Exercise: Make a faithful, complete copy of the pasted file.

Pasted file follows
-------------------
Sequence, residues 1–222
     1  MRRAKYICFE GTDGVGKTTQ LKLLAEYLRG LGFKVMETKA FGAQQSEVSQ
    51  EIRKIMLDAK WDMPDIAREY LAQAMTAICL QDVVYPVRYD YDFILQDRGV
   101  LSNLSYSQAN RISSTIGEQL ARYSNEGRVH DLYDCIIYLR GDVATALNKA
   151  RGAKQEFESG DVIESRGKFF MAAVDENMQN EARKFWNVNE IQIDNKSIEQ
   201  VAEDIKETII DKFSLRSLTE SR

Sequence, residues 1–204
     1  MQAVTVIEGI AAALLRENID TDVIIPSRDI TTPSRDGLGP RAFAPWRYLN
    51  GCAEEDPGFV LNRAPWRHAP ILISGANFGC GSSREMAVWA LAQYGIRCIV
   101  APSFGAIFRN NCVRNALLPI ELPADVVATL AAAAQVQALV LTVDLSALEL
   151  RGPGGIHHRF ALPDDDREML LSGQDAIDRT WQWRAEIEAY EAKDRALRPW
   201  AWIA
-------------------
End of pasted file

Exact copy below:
Sequence, residues 1–222
     1  MRRAKYICFE GTDGVGKTTQ LKLLAEYLRG LGFKVMETKA FGAQQSEVSQ
    51  EIRKIMLDAK WDMPDIAREY LAQAMTAICL QDVVYPVRYD YDFILQDRGV
   101  LSNLSYSQAN RISSTIGEQL ARYSNEGRVH DLYDCIIYLR GDVATALNKA
   151  RGAKQEFESG DVIESRGKFF MAAVDENMQN EARKFWNVNE IQIDNKSIEQ
   201  VAEDIKETII DKFSLRSLTE SR

Sequence, residues 1–204
     1  MQAVTVIEGI AAALLRENID TDVIIPSRDI TTPSRDGLGP RAFAPWRYLN
    51  GCAEEDPGFV LNRAPWRHAP ILISGANFGC GSSREMAVWA LAQYGIRCIV
   101  APSFGAIFRN NCVRNALLPI ELPADVVATL AAAAQVQALV LTVDLSALEL
   151  RGPGGIHHRF ALPDDDREML LSGQDAIDRT WQWRAEIEAY EAKDRALRPW
   201  AWIA